05-17-2012, 12:49 PM
| || |
First, ditch the tom thumb. You can't show in it, and it's a very confusing bit. It combines the pressure of a snaffle and a curb into one piece, which can actually cause the horse to throw his head higher with less than stellar hands.
For training I'd go back to the snaffle, because they have to be great at the snaffle before they can go to a low/medium port curb bit.
I start out by getting excellent lateral flexion. Pulling to the side, hold until the horse gives, and release. I do this from the ground in a halter, and then fifty million times in the saddle. I want my horse to flex with a pinky's amount of strength. This will teach the horse to give to the bit, and will also lower his headset.
Then you take a steady hold of the two reins (snaffle), and push the hind end into your hands. When the horse lowers or gives, you give back plenty of rein. Rinse and repeat. Be sure to give plenty of slack, when you move to the curb you want your horse to be super sensitive to the pressure of your hands so that you can be on a draped rein. Having heavy reins helps translate the pressure easier. You'll learn how to work split reins like a pro, pushing them to contact, and releasing them to drape.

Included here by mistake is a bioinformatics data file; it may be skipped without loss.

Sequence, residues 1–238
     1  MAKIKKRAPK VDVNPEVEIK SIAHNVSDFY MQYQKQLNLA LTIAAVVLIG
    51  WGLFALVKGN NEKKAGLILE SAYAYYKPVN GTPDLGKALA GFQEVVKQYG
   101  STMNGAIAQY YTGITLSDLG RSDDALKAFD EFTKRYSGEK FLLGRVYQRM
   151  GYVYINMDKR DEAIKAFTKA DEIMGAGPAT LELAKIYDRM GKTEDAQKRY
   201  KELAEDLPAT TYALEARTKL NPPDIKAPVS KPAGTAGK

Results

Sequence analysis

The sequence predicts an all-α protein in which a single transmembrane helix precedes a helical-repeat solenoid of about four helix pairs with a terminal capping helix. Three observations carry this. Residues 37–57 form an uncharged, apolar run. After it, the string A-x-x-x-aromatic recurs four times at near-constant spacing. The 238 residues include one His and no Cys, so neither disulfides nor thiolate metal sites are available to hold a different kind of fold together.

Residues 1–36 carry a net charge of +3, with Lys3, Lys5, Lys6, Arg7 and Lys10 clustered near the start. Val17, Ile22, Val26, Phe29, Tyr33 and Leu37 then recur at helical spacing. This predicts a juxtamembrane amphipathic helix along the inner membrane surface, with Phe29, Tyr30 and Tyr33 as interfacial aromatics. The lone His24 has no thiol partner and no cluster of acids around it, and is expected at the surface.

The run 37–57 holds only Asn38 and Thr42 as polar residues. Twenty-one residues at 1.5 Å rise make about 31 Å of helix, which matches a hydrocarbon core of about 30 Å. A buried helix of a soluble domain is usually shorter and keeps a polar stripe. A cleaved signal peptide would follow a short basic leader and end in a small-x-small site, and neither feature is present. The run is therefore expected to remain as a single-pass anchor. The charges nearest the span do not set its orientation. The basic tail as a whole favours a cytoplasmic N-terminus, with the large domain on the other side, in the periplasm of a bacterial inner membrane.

If the horse balks up, I push into a quicker circle until he gives that dip. You also want to eventually be able to walk forward and flex laterally.
Just remember to be very sensitive and release, it will take some time, but the horse will eventually learn to be responsible for his own head. The process goes much easier if you supplement by doing lots of core-body exercises, like figure 8s, roll backs, half passes, side passes, pivots, and leg yields.